One of Andy Warhol’s most overplayed quotes is “I am a deeply superficial person” – a quip that implies the ability to see the significance in the surface of things. I am reminded of Warhol’s work when thinking about these T-shirts. I don’t imagine those shopping at Topshop are consciously identifying as students of the proto-postmodernism that took Campbell’s Soup out of the supermarket and into the gallery. But the change of context and the free-for-all approach to images and statements perhaps suggests his ripples are still making their way across the pond of pop culture. Deeply superficial people are everywhere in 2017 – the Jenners included.

Band T-shirts for most, then, are about playing the rock chick and the concept of a wild night out in the 70s – that’s why the more distressed the design the better. “This is one of the only items where we’ll still sell it if it’s ripped with loads of holes,” says Eden. “We often find the best ones in the warehouse bins because the really distressed ones would have been thrown away.” In a sense, in a post-truth world, faking it is an outmoded concept. Actually going to the gig or listening to the music isn’t the point. Whether vaguely aligning yourself with feminism by proclaiming “The Future Is Female” or with rock chick vibes in distressed Guns N’ Roses, now you just get the T-shirt.

Jefferson Airplane T-shirt.
Jefferson Airplane T-shirt.
Nirvana T-shirt.
Nirvana T-shirt.
Biggie Smalls T-shirt.
Biggie Smalls T-shirt.

How the band T-shirt evolved

A T-shirt from Kendall and Kylie Jenner’s clothing line.
A T-shirt from Kendall and Kylie Jenner’s clothing line. Photograph: Kendall+Kylie

1968: the first rock T-shirts are produced, made by Bill Graham, the concert promoter who worked with bands such as Jefferson Airplane and The Grateful Dead.

1978: Arturo Vega designs the Ramones logo, with the names of the band’s four members around an image of the eagle similar to the one on the American flag. It is now one of the most recognisable band logos – and T-shirts – in the world.

1979: Iron Maiden’s logo appears on their debut EP, The Soundhouse Tapes. It goes on to feature on T-shirts, and becomes a classic of the band T-shirt genre.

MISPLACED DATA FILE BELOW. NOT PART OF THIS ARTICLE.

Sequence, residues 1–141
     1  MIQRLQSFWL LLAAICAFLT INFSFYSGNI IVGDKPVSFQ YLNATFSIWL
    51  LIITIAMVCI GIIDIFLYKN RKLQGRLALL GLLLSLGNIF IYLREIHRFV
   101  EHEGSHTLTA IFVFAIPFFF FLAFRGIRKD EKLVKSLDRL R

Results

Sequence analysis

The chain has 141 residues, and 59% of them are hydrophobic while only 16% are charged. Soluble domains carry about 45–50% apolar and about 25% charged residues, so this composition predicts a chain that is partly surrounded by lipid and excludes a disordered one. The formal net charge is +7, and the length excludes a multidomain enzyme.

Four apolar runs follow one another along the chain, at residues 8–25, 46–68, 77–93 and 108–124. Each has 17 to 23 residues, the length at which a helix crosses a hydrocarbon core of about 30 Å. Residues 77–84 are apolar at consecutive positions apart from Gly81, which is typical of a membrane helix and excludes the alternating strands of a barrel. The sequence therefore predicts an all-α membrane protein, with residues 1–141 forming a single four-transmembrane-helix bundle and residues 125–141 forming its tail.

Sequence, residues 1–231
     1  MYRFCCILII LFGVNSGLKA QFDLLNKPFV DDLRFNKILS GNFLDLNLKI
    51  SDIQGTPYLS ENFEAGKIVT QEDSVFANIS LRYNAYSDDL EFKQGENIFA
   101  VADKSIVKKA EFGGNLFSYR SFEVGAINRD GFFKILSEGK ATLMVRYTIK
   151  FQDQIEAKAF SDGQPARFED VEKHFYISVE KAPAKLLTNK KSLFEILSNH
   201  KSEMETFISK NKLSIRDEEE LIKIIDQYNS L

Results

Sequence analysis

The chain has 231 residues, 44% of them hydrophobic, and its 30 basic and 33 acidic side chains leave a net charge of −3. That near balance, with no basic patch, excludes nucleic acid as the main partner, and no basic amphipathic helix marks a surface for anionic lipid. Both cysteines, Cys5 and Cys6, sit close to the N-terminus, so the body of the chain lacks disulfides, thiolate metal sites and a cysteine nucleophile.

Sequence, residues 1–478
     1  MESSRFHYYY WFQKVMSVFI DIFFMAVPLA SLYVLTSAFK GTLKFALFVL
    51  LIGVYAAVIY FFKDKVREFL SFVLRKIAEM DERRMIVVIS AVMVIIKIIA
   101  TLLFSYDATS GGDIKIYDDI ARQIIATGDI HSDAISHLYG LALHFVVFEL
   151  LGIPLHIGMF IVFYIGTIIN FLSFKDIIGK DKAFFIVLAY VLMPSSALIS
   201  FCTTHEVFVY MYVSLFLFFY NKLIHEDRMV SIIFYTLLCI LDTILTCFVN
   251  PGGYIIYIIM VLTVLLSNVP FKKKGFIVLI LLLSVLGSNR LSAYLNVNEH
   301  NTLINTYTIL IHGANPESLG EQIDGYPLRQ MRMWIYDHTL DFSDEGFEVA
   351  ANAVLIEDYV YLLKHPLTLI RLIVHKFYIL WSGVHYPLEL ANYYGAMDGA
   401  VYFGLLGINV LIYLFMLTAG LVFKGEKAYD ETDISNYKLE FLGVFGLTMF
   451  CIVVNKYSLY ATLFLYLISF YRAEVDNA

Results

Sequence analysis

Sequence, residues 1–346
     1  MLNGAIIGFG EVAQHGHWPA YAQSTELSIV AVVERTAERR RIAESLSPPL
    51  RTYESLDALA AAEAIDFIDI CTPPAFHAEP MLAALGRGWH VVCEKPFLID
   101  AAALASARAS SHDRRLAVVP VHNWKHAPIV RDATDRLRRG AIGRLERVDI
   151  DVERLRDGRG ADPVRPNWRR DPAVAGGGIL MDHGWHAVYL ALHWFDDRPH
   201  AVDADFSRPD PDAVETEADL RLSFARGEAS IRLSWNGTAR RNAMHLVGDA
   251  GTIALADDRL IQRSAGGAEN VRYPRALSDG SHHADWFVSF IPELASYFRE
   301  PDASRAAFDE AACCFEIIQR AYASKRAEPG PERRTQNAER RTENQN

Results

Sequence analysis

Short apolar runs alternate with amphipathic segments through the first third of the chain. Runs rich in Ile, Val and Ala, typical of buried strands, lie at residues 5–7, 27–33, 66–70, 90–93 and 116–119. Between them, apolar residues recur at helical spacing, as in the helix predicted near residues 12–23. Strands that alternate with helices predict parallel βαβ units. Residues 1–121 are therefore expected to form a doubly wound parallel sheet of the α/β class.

c.1985: Run-DMC begin producing T-shirts with the now-classic logo with red bands. It is so recognisable that there are parodies with everything from “OMG WTF” to “Corbyn” between the red bands.

1991: the Nirvana logo with a smiley face is used on a concert poster. It lives on 26 years later – worn on T-shirts everywhere, by everyone from Romeo Beckham to Fearne Cotton.

1997: Biggie Smalls is fatally shot in Los Angeles. Unofficial tribute T-shirts to the rapper become popular.

2005: Streetwear brand Supreme collaborates with graphic designer Peter Saville on a T-shirt using the design he made in 1979 for Joy Division’s Unknown Pleasures. This design is now almost a meme of the rock look. It is possible to buy leggings with Unknown Pleasures zigzags on them.

2017: Kendall and Kylie Jenner produce T-shirts with images of Biggie Smalls, Tupac Shakur and Ozzy Osbourne with their selfies over the top. Controversy ensues.

Gigi Hadid, Zayn speak to the gender fluidity of fashion: ‘It’s fun to experiment’

Covering Vogue’s August issue, Gigi Hadid and Zayn Malik don what was once thought of as menswear — button-up, collared shirts underneath blazers.

But members of the power couple, who previously posed for the magazine in Naples, believe clothes don’t have a gender.

“I shop in your closet all the time, don’t I?” Hadid asks her singer boyfriend, according to the fashion magazine. “Yeah, but same,” Malik acknowledges before bringing up an Anna Sui shirt he borrowed. “I like that shirt,” he says. “And if it’s tight on me, so what? It doesn’t matter if it was made for a girl.”

His supermodel girlfriend concurs. “Totally. It’s not about gender. It’s about, like, shapes. And what feels good on you that day. And anyway, it’s fun to experiment. . .”

View image on Twitter

.@GigiHadid and @zaynmalik star on the cover of our August issue! Read the full story here: 

She adds, “It’s just about, ‘Do the clothes feel right on you?’”

“With social media, the world’s gotten very small,” says Malik, “and it can seem like everyone’s doing the same thing. Gender, whatever — you want to make your own statement.”

Gigi Hadid has proven many times over that she’s a pro at unexpected hair makeovers. USA TODAY

Hadid also opened up about her relationship with Malik while fielding Vogue’s “73 Questions,” describing his most romantic gesture. “A couple years ago on Valentine’s Day we went on a boat trip,” she said, “and it was really nice.”

She also confirmed her beau also spends time in the kitchen, defying archaic gender norms. She says his chicken and sweet corn recipe is “like a hug.”

Melania Trump continues fashion tour de force at Eiffel Tower dinner

After earning praise for her elegance and knowledge of French style, Melania Trump continued her fashion tour de force in a custom Hervé Pierre dress for dinner at the Eiffel Tower.

The first lady joined her French counterpart, Brigitte Macron, President Trump and French President Emmanuel Macron for a cozy meal at the Jules Verne Restaurant in the Parisian landmark Thursday, showing her earlier outfit was not a one-off.

The slim-fit, knee-length dress tastefully highlighted the national colors for the two countries  — a fitting salute to France on the eve of Bastille Day, a national holiday akin to the 4th of July. And its made it all the more diplomatic when taking into account Pierre’s French heritage and recently-earned American citizenship.

The designer and stylist behind her inaugural gown also picked out her red Dior suit from earlier in the day, a lovely nod to the 70th anniversary of the famous fashion house.

Brigitte Macron, for her part, wore another French designer, in the form of a Louis Vuitton mini-dress.